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The wreckage of a Mozambique Airlines plane that disappeared over Namibia has been found, but none of the 33 people aboard survived the crash, police say.

The burned-out aircraft was found in the Bwabwata National Park, near the borders with Angola and Botswana.
"The plane has been completely burnt to ashes and there are no survivors," Namibia Police Force deputy commissioner Willy Bampton was quoted by Reuters as saying.

In Maputo, Mozambican Airlines, LAM, had issued a statement revising the passenger list down to 27, rather than the 28 earlier reported, along with the six crew members.

The statement said the 33 included 10 were Mozambicans, nine Angolans, five Portuguese, one French national, one Brazilian and one Chinese.

LAM flight TM470 took off from Maputo at 09H26 GMT Friday and had been due to land in the capital Luanda at 13H10 GMT, but never arrived.

Last contact with the place came around 1130 GMT when it was over north Namibia.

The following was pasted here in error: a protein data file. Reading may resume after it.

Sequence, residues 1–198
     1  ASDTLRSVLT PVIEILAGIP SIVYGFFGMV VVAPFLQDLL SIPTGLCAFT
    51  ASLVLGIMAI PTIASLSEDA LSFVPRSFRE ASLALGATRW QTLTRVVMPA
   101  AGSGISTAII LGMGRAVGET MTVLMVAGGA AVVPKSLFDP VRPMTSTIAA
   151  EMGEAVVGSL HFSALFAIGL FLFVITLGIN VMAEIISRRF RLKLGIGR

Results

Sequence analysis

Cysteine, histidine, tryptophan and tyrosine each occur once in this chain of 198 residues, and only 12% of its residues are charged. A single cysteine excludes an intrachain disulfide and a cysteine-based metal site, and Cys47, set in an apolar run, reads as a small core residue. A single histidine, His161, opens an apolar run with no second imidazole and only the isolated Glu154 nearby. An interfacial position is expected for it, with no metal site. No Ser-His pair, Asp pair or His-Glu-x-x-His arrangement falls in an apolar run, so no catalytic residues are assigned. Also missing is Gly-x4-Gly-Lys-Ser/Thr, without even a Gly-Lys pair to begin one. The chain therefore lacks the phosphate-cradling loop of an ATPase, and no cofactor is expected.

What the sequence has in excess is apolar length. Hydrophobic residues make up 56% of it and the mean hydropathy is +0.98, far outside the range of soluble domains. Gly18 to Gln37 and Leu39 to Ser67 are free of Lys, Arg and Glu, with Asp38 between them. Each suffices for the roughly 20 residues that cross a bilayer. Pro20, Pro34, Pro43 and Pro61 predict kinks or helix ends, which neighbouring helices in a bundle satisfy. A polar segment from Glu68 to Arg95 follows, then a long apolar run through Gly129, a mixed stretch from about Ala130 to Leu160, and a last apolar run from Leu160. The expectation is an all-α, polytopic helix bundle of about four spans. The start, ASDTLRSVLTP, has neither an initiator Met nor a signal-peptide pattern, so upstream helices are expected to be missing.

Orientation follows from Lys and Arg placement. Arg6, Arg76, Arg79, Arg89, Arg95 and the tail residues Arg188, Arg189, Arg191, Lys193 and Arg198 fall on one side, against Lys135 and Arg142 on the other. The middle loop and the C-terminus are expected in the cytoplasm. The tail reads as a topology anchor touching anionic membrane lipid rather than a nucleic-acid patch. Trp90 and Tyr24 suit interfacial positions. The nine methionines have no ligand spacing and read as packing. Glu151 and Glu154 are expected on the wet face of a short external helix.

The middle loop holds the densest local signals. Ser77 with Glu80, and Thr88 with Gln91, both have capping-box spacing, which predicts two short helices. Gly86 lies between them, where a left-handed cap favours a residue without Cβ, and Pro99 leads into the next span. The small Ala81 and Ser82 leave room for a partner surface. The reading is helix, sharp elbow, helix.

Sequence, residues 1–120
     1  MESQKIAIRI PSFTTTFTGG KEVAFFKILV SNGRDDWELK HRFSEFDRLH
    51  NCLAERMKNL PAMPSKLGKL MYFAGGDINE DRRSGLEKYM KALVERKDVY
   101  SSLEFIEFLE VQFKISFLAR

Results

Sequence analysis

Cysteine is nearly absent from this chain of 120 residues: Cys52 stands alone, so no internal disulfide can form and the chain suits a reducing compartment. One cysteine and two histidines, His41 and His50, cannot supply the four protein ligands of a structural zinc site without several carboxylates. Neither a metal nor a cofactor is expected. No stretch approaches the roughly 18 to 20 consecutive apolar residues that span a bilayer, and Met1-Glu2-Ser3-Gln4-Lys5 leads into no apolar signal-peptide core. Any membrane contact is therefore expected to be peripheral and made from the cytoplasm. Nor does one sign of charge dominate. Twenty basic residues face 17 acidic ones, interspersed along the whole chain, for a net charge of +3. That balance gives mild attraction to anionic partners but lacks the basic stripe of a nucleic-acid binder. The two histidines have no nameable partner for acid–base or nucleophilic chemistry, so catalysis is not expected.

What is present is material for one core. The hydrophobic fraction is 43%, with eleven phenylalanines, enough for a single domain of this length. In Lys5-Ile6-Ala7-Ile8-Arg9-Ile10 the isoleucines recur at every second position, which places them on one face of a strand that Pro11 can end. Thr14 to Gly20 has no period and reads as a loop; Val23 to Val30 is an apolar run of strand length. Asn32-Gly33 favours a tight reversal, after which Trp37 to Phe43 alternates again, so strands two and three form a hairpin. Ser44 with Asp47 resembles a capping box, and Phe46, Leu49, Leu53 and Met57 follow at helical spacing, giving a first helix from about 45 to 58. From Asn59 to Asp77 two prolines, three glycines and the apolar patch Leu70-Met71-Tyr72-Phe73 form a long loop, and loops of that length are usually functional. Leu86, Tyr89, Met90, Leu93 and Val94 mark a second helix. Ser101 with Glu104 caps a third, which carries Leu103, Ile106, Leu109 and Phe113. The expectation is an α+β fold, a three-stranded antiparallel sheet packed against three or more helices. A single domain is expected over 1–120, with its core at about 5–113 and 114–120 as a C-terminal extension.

The authorities say most of those on board were Mozambican or Angolan, and several more were Portuguese. The aircraft also carried one citizen from each of Brazil, China and France.

Initially, the airline said there were signs the aircraft might have landed near Rundu. But on Saturday, Mr Bampton said villagers in the area had heard an explosion.

"Botswana officials informed us that they saw smoke in the air and they thought the crash happened in their country, but when they came to the border they realised that it was in Namibia," Willie Bampton said.

Before confirmation of the crash, people close to those on board gathered at Maputo airport, many frustrated at what they said was the lack of information.

"They told us it was a forced landing. I know it's a crash," said Luis Paolo, a friend of one of what were said to be two Portuguese businessmen on board the flight.

The Bwabwata National Park, a 6,100-square-kilometre (2,355 square mile) reserve, is a sparsely-populated area covered by wetlands and dense forests.

The European Union banned the Mozambican airline, known by the acronym LAM, from flying in its airspace in 2011.

"Significant safety deficiencies" led to the blacklisting of all air carriers certified in Mozambique, the EU said at the time.

The concern was about Mozambique's civil aviation authority, rather than the track record of the various airlines.

Sources: BBC News,AFP


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